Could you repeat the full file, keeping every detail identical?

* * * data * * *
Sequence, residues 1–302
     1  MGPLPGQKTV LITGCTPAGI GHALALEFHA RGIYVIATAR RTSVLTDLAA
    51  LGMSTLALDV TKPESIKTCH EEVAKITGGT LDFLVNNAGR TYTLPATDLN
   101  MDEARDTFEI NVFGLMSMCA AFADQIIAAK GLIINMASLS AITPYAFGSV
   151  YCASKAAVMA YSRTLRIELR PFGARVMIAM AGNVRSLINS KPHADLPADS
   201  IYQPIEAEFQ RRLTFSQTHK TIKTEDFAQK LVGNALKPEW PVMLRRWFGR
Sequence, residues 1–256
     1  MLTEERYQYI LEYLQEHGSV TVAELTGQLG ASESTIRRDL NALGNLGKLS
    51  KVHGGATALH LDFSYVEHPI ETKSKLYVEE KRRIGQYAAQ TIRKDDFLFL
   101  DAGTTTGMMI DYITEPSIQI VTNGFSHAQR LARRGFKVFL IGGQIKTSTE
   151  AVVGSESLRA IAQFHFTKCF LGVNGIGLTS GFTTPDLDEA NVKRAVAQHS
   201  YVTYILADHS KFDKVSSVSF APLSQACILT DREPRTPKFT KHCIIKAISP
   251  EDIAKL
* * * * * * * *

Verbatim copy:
Sequence, residues 1–302
     1  MGPLPGQKTV LITGCTPAGI GHALALEFHA RGIYVIATAR RTSVLTDLAA
    51  LGMSTLALDV TKPESIKTCH EEVAKITGGT LDFLVNNAGR TYTLPATDLN
   101  MDEARDTFEI NVFGLMSMCA AFADQIIAAK GLIINMASLS AITPYAFGSV
   151  YCASKAAVMA YSRTLRIELR PFGARVMIAM AGNVRSLINS KPHADLPADS
   201  IYQPIEAEFQ RRLTFSQTHK TIKTEDFAQK LVGNALKPEW PVMLRRWFGR
Sequence, residues 1–256
     1  MLTEERYQYI LEYLQEHGSV TVAELTGQLG ASESTIRRDL NALGNLGKLS
    51  KVHGGATALH LDFSYVEHPI ETKSKLYVEE KRRIGQYAAQ TIRKDDFLFL
   101  DAGTTTGMMI DYITEPSIQI VTNGFSHAQR LARRGFKVFL IGGQIKTSTE
   151  AVVGSESLRA IAQFHFTKCF LGVNGIGLTS GFTTPDLDEA NVKRAVAQHS
   201  YVTYILADHS KFDKVSSVSF APLSQACILT DREPRTPKFT KHCIIKAISP
   251  EDIAKL